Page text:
From resignation in 1974 to death in 1994, President Nixon made an amazing political recovery.
President Clinton delivered the eulogy and he said this:
As a public man, he always seemed to believe the greatest sin was remaining passive in the face of challenges. And he never stopped living by that creed. He gave of himself with intelligence and energy and devotion to duty. And his entire country owes him a debt of gratitude for that service. Oh yes, he knew great controversy amid defeat as well as victory. He made mistakes, and they, like his accomplishments, are part of his life and record.
But the enduring lesson of Richard Nixon is that he never gave up being part of the action and passion of his times. He said many times that unless a person has a goal, a new mountain to climb, his spirit will die. Well, based on our last phone conversation and the letter he wrote me just a month ago, I can say that his spirit was very much alive to the very end. That is a great tribute to him, to his wonderful wife, Pat, to his children, and to his grandchildren whose love he so depended on and whose love he returned in full measure.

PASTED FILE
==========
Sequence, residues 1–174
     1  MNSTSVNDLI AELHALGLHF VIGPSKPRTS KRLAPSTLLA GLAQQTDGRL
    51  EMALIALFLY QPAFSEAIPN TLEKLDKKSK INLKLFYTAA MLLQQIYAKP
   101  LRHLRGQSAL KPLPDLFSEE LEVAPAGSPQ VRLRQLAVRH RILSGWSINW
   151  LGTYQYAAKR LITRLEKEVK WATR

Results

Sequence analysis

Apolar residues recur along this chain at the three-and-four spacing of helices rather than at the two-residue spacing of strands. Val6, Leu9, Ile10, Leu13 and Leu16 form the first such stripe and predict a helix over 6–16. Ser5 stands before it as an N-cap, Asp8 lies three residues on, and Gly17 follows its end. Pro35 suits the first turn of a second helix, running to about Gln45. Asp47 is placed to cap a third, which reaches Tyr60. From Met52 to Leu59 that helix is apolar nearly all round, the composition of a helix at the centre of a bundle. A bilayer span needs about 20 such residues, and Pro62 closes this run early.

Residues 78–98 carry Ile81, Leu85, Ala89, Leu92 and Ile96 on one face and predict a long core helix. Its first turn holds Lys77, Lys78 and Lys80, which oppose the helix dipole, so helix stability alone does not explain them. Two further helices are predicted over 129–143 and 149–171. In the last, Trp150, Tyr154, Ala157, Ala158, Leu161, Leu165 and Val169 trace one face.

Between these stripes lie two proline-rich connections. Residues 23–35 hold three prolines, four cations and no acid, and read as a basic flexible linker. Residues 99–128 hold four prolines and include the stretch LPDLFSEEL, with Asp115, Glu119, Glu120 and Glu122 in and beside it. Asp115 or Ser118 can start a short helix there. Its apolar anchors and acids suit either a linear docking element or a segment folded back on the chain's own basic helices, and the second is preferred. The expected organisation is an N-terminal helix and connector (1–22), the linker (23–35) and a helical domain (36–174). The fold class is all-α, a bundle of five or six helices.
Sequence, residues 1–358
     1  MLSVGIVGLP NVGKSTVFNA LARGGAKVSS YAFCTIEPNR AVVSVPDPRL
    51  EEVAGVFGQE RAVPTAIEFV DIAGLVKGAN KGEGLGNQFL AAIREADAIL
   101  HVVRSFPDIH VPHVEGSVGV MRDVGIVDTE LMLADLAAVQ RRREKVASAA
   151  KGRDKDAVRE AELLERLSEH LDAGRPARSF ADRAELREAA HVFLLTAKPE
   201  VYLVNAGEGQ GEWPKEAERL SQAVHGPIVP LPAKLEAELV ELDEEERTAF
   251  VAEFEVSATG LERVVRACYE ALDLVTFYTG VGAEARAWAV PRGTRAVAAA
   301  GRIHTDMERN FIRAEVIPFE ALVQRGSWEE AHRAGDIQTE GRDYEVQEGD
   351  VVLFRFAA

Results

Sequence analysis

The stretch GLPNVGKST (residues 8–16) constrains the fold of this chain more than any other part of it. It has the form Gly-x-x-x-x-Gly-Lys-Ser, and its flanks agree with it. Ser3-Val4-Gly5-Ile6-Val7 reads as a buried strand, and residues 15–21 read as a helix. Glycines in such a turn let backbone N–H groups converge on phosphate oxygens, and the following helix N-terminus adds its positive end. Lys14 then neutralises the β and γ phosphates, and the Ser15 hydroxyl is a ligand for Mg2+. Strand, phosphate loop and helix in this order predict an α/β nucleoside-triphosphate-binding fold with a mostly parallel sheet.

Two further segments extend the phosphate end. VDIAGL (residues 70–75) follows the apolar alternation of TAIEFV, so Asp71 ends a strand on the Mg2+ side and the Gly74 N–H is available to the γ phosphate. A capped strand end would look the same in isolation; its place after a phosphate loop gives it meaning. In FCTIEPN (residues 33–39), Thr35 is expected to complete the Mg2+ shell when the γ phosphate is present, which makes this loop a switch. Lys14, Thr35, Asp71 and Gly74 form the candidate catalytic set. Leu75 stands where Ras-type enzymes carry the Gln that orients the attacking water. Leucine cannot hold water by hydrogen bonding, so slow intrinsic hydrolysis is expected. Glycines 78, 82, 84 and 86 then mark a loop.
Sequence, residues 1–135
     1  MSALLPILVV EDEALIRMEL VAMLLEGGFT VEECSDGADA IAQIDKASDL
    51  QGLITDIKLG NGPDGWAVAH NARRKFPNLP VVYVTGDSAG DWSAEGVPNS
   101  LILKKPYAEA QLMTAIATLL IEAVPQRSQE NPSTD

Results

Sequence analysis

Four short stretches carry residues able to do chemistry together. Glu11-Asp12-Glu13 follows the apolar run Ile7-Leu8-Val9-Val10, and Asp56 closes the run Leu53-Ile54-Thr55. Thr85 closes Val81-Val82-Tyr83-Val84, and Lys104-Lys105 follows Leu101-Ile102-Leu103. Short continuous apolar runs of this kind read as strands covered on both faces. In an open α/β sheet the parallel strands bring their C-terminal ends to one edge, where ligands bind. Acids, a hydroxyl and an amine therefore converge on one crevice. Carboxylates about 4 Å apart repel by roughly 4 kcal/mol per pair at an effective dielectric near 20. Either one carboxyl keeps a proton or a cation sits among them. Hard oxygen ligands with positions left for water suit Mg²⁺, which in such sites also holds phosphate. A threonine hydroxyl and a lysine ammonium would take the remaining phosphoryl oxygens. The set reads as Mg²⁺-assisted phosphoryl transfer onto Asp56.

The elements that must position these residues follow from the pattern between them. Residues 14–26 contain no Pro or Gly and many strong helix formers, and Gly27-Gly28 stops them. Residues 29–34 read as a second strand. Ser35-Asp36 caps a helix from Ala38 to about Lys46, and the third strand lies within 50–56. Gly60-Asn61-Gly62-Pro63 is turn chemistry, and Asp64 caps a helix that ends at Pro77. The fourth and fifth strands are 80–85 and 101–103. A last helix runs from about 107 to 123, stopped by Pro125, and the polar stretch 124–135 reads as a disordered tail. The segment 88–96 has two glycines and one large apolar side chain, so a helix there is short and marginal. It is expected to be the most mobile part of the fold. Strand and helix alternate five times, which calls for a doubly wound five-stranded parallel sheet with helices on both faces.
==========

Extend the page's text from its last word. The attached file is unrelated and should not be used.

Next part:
Today is a day for his family, his friends, and his nation to remember President Nixon's life in totality. To them, let us say, may the day of judging President Nixon on anything less than his entire life and career come to a close. May we heed his call to maintain the will and the wisdom to build on America's greatest gift, its freedom, to lead a world full of difficulty to the just and lasting peace he dreamed of.